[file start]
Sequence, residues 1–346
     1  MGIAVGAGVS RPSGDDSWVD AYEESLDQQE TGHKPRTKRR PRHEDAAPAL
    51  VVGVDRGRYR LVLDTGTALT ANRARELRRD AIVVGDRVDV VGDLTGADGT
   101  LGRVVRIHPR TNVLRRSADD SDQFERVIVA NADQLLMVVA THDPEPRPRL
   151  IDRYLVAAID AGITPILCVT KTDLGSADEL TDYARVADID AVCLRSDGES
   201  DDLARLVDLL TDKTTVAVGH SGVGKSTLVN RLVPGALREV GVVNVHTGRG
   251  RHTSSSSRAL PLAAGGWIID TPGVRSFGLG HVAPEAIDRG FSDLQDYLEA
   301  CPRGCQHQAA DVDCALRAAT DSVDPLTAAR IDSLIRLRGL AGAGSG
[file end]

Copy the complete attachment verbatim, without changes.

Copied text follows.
Sequence, residues 1–346
     1  MGIAVGAGVS RPSGDDSWVD AYEESLDQQE TGHKPRTKRR PRHEDAAPAL
    51  VVGVDRGRYR LVLDTGTALT ANRARELRRD AIVVGDRVDV VGDLTGADGT
   101  LGRVVRIHPR TNVLRRSADD SDQFERVIVA NADQLLMVVA THDPEPRPRL
   151  IDRYLVAAID AGITPILCVT KTDLGSADEL TDYARVADID AVCLRSDGES
   201  DDLARLVDLL TDKTTVAVGH SGVGKSTLVN RLVPGALREV GVVNVHTGRG
   251  RHTSSSSRAL PLAAGGWIID TPGVRSFGLG HVAPEAIDRG FSDLQDYLEA
   301  CPRGCQHQAA DVDCALRAAT DSVDPLTAAR IDSLIRLRGL AGAGSG